About this Blog

"Ordinary People" is something of an intentional misnomer. I live and work with Palestinians practicing nonviolent resistance to the Israeli occupation. They are doing things that are hardly "ordinary": committing themselves to active nonviolence and to loving their enemies -- following the commands of One who was anything but ordinary. And yet, the Palestinians with whom I work are also very ordinary -- they are not some kind of spiritual superheroes/superheroines who do things most folks can't do. They are simply ordinary people daily committing themselves to living a higher calling -- a calling of love and active nonviolence.

Wednesday, April 9, 2008

A Little Girl’s Story

by CPTer Maureen Jack

6 April 2008

There is a little Palestinian girl called Maha* who lives next door to us. She is six and bright as a button. We like her a lot, which is just as well as she loves to spend time with us. She likes doing things like helping us to clean the floor or rinse our hair when we wash it. Also, she helps us with our Arabic. She is an exacting teacher and our efforts to pronounce words correctly often meet with a firm ‘No.’ But she is patient, and when she speaks to us her Arabic is slow and clear. She has taken us to visit her mother and be served tea with bread and freshly-made butter. Sometimes we spend less time with her than she would wish, because we have to accompany shepherds with their sheep and goats. So three days ago she asked two of us to go with her and her mother with their flock of sheep. On our way out of the village we bumped into her mother who told us that the sheep were safely tucked up at their house and were staying there for the rest of the day. We await Maha’s next strategy with interest!

So, Maha is a sturdy, resourceful little girl. But a few days ago she was terrified. My teammate Jessica and I saw her set off with her younger sister and an adult relative. They were going to Yatta (a nearby city) for the day and Maha was very excited. They headed off to cross the Israeli road to walk on the Palestinian track to Yatta. Suddenly Maha was running back towards us in tears, crying, ‘Miriam, Miriam!’ (This is what some of the younger children call me.) A car was sitting beside the turn-off to Yatta and an Israeli man was outside speaking on his phone. Maha’s words tumbled out among her tears and all we could make out was ‘Settlers!’ She gripped my hand tightly as we walked with them across the road and saw them off on their way to Yatta.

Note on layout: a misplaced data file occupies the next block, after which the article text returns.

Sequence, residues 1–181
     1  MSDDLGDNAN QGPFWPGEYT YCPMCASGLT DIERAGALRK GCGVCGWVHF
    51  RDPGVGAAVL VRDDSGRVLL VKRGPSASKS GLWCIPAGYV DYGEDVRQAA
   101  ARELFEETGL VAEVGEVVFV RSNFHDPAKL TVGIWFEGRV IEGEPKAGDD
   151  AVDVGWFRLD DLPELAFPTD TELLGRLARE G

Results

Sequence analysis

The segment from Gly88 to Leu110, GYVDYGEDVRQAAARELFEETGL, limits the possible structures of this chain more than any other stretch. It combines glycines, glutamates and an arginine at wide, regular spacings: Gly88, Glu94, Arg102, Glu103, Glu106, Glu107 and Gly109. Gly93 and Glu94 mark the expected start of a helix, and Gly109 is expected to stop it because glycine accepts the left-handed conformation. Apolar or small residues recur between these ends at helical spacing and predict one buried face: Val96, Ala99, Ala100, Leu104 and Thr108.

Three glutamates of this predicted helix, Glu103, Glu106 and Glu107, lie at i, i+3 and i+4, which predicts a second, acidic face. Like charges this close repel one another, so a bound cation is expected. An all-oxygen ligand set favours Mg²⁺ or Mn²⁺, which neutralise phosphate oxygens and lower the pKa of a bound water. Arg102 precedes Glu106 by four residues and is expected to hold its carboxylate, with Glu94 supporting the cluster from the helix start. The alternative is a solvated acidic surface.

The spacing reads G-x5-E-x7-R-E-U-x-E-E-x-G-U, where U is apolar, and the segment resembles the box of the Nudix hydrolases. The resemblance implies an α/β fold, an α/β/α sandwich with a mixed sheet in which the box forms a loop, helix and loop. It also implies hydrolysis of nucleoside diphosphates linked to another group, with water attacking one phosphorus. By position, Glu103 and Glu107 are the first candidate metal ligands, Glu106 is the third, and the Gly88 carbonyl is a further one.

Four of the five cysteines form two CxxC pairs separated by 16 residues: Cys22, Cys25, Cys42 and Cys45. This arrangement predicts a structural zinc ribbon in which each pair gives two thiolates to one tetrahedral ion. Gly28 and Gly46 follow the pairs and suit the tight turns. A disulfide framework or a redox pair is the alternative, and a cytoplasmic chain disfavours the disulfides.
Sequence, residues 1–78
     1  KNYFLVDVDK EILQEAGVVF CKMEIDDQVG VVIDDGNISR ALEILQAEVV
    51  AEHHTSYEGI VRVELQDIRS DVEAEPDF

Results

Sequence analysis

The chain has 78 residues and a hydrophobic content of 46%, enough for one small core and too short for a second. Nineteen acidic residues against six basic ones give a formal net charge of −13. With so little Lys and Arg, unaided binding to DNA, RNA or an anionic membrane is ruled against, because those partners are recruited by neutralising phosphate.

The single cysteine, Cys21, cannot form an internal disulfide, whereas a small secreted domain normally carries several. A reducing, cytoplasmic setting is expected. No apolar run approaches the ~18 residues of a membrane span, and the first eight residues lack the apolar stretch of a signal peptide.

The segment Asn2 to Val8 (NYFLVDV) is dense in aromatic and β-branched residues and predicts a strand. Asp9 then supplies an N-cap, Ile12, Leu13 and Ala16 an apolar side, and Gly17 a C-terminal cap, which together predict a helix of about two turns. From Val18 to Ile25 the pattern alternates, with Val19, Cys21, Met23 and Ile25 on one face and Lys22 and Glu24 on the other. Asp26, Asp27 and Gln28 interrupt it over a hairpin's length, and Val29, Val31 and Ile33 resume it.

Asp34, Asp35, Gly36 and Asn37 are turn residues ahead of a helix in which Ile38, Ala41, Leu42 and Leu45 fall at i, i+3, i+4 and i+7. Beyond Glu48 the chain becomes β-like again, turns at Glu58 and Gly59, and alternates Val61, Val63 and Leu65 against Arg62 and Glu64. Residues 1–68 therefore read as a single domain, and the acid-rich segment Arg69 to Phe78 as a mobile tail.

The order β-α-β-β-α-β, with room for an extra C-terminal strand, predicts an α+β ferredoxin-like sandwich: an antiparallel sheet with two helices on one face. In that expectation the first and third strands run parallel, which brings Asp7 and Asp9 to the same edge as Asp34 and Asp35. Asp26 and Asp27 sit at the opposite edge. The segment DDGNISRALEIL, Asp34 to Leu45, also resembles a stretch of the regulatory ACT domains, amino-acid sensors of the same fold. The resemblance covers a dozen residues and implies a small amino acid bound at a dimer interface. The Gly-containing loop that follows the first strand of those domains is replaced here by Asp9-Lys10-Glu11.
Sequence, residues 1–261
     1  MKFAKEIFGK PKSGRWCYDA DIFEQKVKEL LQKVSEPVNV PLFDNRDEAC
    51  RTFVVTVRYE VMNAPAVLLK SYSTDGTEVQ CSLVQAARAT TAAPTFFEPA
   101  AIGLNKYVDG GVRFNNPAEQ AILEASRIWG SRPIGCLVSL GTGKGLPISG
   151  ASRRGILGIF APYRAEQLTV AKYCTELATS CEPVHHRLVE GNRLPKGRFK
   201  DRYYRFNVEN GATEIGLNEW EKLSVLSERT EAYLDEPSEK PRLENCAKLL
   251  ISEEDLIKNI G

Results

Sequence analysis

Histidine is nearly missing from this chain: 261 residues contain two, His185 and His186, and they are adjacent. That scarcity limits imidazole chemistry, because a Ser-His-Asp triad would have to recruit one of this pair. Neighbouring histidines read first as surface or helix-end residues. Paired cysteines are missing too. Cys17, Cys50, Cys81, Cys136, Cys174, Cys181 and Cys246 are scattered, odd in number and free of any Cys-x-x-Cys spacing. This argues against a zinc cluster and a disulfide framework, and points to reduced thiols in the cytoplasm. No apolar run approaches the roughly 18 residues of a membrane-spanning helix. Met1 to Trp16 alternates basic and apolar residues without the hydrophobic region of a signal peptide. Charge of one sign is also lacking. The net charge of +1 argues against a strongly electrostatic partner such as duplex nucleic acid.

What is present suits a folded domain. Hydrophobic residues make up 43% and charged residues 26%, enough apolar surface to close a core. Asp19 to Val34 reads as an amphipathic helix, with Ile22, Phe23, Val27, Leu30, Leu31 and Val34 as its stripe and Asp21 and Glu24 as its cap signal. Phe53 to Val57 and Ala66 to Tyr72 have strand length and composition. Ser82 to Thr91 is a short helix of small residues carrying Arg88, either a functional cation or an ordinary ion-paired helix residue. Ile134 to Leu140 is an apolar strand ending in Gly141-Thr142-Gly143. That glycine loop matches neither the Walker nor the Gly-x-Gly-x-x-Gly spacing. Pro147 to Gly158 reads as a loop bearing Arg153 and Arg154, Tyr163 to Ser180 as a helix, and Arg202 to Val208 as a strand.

Now, I don’t know whether the men in the car were settlers or simply Israelis driving from Jerusalem to Beersheva.. Maybe Maha’s fears were not justified. But they were understandable. In the last few days adult Israeli settlers have thrown stones at her schoolmates as they played in their own garden area; they have assaulted the father and grandfather of one of her classmates; and a settler and his three sons have chased after and yelled at her schoolmates as Israeli soldiers escorted them home from school.

Maha is a great kid. I’m sad and angry that she was scared yesterday. If you knew her you would be too.

* not her real name

Monday, April 7, 2008

Shanti's Shot Sheep

One of the shepherds here in the South Hebron Hills reminds me of a prophet from biblical times. I’ll call him Shanti, and he is a Palestinian shepherd from a village near At-Tuwani. His beard is dark and bushy, his hair wild.

And, like the prophets, he is fearless in nonviolent witness of truth to the Powers that Be.

On Wednesday, 26 March, Shanti was grazing his sheep in the Mashaha Valley. Settlers in the illegal Israeli settlement outpost of Havat Ma’on frequently harass Palestinian shepherds as they graze their sheep in this area. On this particular day, while his flock grazed, Israeli settlers shot two of his sheep and a billy goat.

For over six hours, Shanti told and re-told his story, with relentless passion and animation. To Israeli police; to Israeli military; to the Israeli police (again); to armed Israeli settler security agents (who were suspiciously vague about their identities and their interest with Shanti’s shot sheep.)

A few times, standing near an unsuspecting Israeli soldier, he would launch into his story (whether the soldier wanted to hear it or not!) As Shanti recounted the violence done to his flock, soldiers shifted uncomfortably or became very interested in the rocky ground beneath them. Shanti’s story rendered soldiers defenseless. Their guns and army gear could not protect them from the truth of his account.His persistence in telling the story of the violence done to his flock was powerfully reminiscent of the of the fearless and truthful witness of the biblical prophets’ speaking Truth to Power.

The next day, in response to the shooting, Palestinians from around the South Hebron Hills came together to graze in the valley where settlers had shot Shanti’s sheep. Shepherds, sheep, and goats dotted the valley and the hills in the Meshaha valley.

Despite the trauma of the day before Shanti joined them. Of all the shepherds in the valley, Shanti was the shepherd grazing his sheep nearest to the illegal Havat Ma’on settlement outpost, nearest to the risk of danger and attack from settlers. Like the prophets of old, on that day (and in the days that have followed), Shanti put himself in a place of danger in an act of nonviolent resistance.

The Palestinians here in At-Tuwani and the surrounding villages are my mentors on my journey of nonviolent response to structures and situations of oppression and injustice. Shanti’s fierce courage and persistence in response to violence around him nurtures me. To me, he is like a modern-day prophet, stepping out of the pages of the biblical witness.

For photos, visit CPT At-Tuwani's photo album.